Nigerian Bourse lags Kenya, South Africa exchanges

The Nigerian Exchange Limited (NGX) All Share Index (ASI) has since February this year underperformed relative to two other indices FBNQuest analysts track periodically in sub-Saharan Africa – the NSE20 in Nairobi and the all share in Johannesburg.

The Nigerian stock market’s -2.5percent decline year to date (YTD) compares with gains of 9.9percent in Nairobi and 12percent in Johannesburg.

“Growth prospects, which are a core driver for investors, are dull. The IMF currently sees 2.5percent for Nigeria in 2021. This compares with 7.6percent for Kenya and 4percent for South Africa. The last now looks toppish in our view”, FBNQuest analysts said in a recent note to investors.

“Neither the narrative for the economy nor demand factors are at all supportive. Pre-Covid there were some reforming signals in Nigeria, but these have disappeared and the FGN is reluctant to add to the pain felt by the low-income majority. Subsidy removal, whether for electricity or gasoline/petrol, falls into this category of reform”, FBNQuest analysts said further noted.

Daily turnover on the NGX has averaged $8.6million ytd (at the I&E/NAFEX rate), unchanged from the same period of 2020. It has not exceeded $10million since the first week of May. In Nairobi, the ytd figure is as low as $4.9million.

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“Foreign portfolio investors (FPIs) have become less visible players. They accounted for the 21percent of all transactions on the Lagos exchange in January-July 2021, a sharp fall on the 39percent posted in the year-earlier period. The pipeline of delayed external payments that developed last year is surely a factor. We do hear anecdotal evidence that some FPIs have made at least a partial exit yet these tend to be investors in debt securities rather than equities.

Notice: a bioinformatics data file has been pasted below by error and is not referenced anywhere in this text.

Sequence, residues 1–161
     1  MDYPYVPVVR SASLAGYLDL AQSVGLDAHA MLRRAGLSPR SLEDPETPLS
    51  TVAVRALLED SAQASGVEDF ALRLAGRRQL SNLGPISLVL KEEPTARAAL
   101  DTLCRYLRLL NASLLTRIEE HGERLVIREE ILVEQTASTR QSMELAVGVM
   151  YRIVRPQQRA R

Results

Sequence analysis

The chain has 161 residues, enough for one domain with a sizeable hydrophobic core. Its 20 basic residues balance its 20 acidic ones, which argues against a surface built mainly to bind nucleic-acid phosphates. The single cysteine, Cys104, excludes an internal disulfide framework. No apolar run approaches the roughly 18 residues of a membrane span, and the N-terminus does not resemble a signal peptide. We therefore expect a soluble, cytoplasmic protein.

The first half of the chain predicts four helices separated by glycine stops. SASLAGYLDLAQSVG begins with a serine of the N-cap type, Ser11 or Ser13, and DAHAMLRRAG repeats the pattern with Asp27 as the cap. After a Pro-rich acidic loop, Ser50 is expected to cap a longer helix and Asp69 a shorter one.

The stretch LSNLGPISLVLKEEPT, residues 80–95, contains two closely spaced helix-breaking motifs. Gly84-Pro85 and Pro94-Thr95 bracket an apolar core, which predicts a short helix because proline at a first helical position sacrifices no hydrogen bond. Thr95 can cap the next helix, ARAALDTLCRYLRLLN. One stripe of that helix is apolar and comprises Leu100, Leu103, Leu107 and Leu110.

“Regulators forget sometimes that FPIs have a large choice of emerging/frontier markets from which to choose. Their favourite in Africa remains Cairo. Further afield, they are heavily invested in markets characterized by a combination of economic reforms, entrepreneurial culture, and new listings. Vietnam, the Philippines, and Bangladesh tick many of the required boxes.

“Domestic institutions were responsible for 46percent of all transactions in the first seven months of this year. A sub-group of this category, the PFAs, have added to their holdings from a low base to a total of N860billion at the end-July. (As a point of reference, the market cap of the exchange is roughly N20trillion.)

“The 33percent balance of transactions stem from domestic retail, for which no convincing analysis is available”, the analysts noted.

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